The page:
Surviving the Apocalypse with an Offline Wikipedia Server

For many years we’ve taken for granted the ability to settle any argument with Wikipedia. For so long, we’ve been able to settle any trivial dispute with a simple text search.

That could change. I’m not really trying to fear-monger, but it’s always possible that the internet might go out and stay out. And like hell I’m going to sit in quarantine with my partner and not be able to settle up with Wikipedia!

So, I have started this project to replicate Wikipedia on a server on my network to protect humankind’s knowledge long after the end of modern civilization (mostly joking).

Wiki Backups

Once or twice a month, Wikipedia creates a full database backup, which is distributed through their network of mirrors as well as archive.org.

These files are distributed through https://dumps.wikimedia.org/backup-index.html in a variety of formats, but the XML Multistream backup is the most recommended. These files can total nearly 70 gigabytes compressed, and several terabytes uncompressed.

Of course, there are ways to reduce the size of these backups. For example, excluding the page history can reduce storage very significantly.

There are also ‘simple’ versions with limits on page size and the number of pages. I will be using these in the demonstration to save storage space.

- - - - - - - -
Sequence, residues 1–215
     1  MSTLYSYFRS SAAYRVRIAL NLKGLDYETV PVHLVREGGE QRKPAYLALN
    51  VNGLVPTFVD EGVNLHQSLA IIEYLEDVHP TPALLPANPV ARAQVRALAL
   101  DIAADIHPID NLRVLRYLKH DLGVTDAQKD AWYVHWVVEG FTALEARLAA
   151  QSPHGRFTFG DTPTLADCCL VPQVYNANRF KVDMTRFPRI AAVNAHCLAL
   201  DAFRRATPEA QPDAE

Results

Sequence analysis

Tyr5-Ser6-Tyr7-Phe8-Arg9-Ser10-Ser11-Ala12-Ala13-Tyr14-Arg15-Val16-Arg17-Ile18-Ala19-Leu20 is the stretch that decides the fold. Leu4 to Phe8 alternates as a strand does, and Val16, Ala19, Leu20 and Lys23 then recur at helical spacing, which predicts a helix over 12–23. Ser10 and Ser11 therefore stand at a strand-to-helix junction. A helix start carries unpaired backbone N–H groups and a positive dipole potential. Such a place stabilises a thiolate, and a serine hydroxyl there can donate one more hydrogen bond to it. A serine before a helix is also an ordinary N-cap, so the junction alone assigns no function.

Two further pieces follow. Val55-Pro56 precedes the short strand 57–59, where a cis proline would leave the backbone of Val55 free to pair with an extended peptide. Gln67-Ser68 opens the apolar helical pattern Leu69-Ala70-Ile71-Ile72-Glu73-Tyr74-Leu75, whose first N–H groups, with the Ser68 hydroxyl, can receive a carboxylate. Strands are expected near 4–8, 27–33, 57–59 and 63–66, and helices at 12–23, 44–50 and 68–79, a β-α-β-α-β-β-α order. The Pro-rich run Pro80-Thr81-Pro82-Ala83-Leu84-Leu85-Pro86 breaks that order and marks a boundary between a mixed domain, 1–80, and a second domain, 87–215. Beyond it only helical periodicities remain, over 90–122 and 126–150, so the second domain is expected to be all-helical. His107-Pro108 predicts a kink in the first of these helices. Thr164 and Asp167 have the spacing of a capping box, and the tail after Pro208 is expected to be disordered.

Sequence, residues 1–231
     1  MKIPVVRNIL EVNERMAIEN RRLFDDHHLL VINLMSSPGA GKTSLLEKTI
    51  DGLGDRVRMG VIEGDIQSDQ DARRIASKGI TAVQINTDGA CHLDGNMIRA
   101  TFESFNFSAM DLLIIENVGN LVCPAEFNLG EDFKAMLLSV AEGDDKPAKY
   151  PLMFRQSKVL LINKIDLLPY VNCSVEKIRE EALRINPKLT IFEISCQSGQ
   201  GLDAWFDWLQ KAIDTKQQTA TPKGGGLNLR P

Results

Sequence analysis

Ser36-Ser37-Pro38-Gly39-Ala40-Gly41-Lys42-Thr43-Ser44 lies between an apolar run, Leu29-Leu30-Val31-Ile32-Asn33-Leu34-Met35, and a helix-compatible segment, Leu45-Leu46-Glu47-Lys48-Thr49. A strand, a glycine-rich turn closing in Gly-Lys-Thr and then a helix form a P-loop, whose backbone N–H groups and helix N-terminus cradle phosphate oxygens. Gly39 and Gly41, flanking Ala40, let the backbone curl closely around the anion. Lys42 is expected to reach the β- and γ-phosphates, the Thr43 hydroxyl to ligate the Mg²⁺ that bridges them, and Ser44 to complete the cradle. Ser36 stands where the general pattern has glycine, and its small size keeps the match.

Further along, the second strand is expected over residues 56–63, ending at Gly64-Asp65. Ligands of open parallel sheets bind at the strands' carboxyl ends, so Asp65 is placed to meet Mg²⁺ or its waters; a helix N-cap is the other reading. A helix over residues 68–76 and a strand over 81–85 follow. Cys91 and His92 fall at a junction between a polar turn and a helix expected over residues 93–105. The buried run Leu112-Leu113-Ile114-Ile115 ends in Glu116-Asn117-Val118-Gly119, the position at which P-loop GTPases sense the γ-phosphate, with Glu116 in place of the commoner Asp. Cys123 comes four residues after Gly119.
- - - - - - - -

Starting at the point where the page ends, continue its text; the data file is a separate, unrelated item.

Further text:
XOWA

XOWA is an open source application for managing Wikipedia database exports. XOWA is fully cross platform and can run on practically any computer. It can automatically manage wikipedia versions and languages.

Typically, it’s run for a single user to access, but can also function as a web server. I will be securing the app service, and adding a cache to speed it up.

Setting it Up

For a proof of concept system, I will be running a simple Debian virtual machine on KVM. This config will work fine with Simple Wikipedia with images, but will absolutely not be able to handle a full wikipedia.org database.

Install Debian

Operating System Debian 10.3 (Buster)
Platform Libvirt + Qemu + KVM
CPU 2 vCPUs
Memory 2 GiB
Storage 20 GiB

Install Prereqs

XOWA is built on Java, so we will install the current OpenJDK runtime environment.

sudo apt install openjdk-11-jre openjdk-11-jre-headless

Setup Service Accounts

As a security best practice, the service will run under an unprivileged user.

sudo addgroup --system wiki
sudo adduser --system \
	--disabled-login \
	--ingroup wiki \
	--no-create-home wiki

Create Install Directory

The application will be installed to a directory in /opt/

sudo mkdir -p /opt/wiki
sudo chown -R wiki:wiki /opt/wiki

Install XowA

Next, the application binary is downloaded to the install directory. The latest version can be found at the official GitHub releases page:

cd /opt/wiki
sudo wget https://github.com/gnosygnu/xowa/releases/download/v4.6.5.1911/xowa_app_linux_64_v4.6.5.1911.zip

sudo unzip xowa_app_linux_64_v4.6.5.1911.zip

More information about installing can be found here:

Set up Service

Next, we may create a systemd unit file to control the wiki service. Since the application is distributed as a .jar executable, we can just point the JRE there. Note that the service runs as the wiki service account.

/etc/systemd/system/wiki.service

[Unit]
Description=Offline Wikipedia